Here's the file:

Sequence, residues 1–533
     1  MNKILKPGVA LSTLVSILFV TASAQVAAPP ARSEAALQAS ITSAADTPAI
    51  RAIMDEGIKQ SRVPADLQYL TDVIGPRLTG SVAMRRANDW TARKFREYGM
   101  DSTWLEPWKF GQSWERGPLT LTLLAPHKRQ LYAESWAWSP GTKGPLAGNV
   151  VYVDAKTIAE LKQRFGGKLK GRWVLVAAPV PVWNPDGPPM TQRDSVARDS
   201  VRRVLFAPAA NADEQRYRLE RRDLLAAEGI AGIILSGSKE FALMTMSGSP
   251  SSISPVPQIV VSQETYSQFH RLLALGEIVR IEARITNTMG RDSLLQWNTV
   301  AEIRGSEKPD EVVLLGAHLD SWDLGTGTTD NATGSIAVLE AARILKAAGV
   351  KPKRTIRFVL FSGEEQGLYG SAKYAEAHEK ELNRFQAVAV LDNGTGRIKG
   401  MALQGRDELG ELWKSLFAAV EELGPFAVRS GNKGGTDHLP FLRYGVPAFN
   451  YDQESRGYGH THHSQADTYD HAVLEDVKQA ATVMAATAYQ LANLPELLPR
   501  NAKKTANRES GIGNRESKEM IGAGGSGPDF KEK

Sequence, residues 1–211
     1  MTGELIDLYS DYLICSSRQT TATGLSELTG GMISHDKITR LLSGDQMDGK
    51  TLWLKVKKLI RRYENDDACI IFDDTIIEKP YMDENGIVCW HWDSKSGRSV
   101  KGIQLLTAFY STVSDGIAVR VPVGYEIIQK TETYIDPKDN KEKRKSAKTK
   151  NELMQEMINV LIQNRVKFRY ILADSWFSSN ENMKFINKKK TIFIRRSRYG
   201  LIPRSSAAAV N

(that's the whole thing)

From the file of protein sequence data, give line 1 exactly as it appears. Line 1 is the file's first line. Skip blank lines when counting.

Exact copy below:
Sequence, residues 1–533